Type 2 diabetes can be a 'devastating diagnosis' says expert
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A diet high in fat, calories, and cholesterol increases a person’s risk of diabetes. A poor diet can lead to obesity (another risk factor for diabetes) and other health problems. A healthy diet, on the other hand, can not only reduce your risk of developing the condition but can also significantly lower blood sugar levels. Much emphasis is put on food, but certain drinks can be just as powerful with either of these three proving best.
Black tea was found to help type 2 diabetes in a study published in the Journal of Agricultural and Food Chemistry.
As part of the research, black tea and green tea were given to diabetic rats for three months.
Alongside inhibiting diabetic cataracts, the tea was found to have a blood sugar-lowering effect.
The researchers wrote: “Black and green tea represent a potentially inexpensive, nontoxic, and, in fact, pleasurable [blood-sugar-lowering] agent.
“Tea may be a simple, inexpensive means of preventing or retarding human diabetes and the ensuring complications.”
According to studies, green tea consumption is associated with decreased fasting glucose levels and A1C levels, as well as reduced fasting insulin levels, which are a measurement of diabetes health.
It has been suggested the antioxidant activity of polyphenols and polysaccharides are the benefits which help with blood glucose management.
These same antioxidants are credited with anticancer, cholesterol lowering, blood pressure benefits and even hair increasing effects.
Another study published in Diabetes Care in 2005 included 10 people with type 2 diabetes, 11 people with insulin resistance, and a control group of eight people without diabetes or insulin resistance.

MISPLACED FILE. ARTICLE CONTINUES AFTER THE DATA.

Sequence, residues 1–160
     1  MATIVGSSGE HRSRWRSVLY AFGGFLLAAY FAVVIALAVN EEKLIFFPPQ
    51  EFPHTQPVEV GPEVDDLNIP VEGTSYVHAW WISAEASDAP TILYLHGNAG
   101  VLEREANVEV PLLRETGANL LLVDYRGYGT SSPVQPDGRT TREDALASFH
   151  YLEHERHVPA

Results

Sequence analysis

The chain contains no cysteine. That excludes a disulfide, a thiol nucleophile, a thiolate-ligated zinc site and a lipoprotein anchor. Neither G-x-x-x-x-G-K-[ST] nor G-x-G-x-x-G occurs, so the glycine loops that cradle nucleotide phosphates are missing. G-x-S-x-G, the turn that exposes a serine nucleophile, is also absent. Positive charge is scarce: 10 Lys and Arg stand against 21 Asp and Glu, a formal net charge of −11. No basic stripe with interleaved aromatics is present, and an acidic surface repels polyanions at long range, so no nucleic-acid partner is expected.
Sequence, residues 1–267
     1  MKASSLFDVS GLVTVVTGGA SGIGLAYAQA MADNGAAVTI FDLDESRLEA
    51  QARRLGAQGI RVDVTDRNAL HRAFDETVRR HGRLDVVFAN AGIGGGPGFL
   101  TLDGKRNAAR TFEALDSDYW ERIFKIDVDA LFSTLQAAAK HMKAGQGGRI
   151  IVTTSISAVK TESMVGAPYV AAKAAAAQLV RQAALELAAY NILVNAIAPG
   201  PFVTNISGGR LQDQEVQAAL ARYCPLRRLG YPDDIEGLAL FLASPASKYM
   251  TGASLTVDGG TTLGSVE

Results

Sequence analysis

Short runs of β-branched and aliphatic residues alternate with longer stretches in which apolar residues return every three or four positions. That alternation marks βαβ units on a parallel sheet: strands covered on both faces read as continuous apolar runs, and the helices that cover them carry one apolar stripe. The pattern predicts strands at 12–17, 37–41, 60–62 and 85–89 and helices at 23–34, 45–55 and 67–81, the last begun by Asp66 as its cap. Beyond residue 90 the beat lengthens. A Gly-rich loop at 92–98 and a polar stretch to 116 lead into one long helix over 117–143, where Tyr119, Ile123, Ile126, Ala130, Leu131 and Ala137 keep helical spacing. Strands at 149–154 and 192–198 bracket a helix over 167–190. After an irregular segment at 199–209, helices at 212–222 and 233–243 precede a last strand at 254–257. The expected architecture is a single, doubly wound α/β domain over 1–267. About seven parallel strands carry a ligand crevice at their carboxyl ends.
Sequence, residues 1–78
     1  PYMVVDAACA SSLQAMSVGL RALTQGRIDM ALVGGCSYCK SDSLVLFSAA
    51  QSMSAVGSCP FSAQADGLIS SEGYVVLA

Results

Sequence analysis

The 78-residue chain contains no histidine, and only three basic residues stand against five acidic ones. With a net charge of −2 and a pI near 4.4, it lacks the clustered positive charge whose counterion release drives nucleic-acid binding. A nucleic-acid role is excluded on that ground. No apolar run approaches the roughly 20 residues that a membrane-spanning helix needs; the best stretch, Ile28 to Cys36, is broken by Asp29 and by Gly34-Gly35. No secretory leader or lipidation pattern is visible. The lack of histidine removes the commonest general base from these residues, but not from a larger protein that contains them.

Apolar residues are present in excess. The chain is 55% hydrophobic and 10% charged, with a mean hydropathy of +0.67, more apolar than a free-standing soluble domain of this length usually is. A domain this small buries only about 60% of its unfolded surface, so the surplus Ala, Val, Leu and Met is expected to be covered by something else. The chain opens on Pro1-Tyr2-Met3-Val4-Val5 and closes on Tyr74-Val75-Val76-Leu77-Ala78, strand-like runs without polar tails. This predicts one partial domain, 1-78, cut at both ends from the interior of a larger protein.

The participants were randomly assigned to drink apple cider vinegar or a placebo drink and then eat a meal of a white bagel, butter, and orange juice.
The vinegar increased insulin sensitivity and significantly reduced post-meal blood glucose and insulin levels.
Other studies have also hinted that apple cider vinegar can benefit blood sugar levels after eating meals.
Apple cider vinegar
In a study with the American Diabetes Association, apple cider vinegar to help improve insulin sensitivity after a high-carbohydrate meal was investigated.
The study involved participants who were either insulin sensitive, insulin resistant or with type 2 diabetes.
Participants were randomly assigned to consume either 20g apple cider vinegar or a placebo drink after a meal.
Blood samples were collected at fasting and 30- and 60-min post meal for glucose and insulin analyses.
The study found compared with placebo, vinegar ingestion raised whole-body insulin sensitivity during the post meal interval in insulin-resistant subjects and improved this parameter in subjects with type 2 diabetes.
It was concluded that taking 20g of apple cider vinegar diluted in 40ml of water could lower blood sugar after meals.
There are other factors that contribute to a healthy lifestyle that could reduce a person’s chance of developing the condition.
The global diabetes community mention five health-boosting factors for preventing type 2 diabetes.
These include eating fresh vegetables regularly through the day and making time for physical activity each day.
Other factors include not smoking, keeping alcohol intake to a minimum and reducing any consumption of processed foods.
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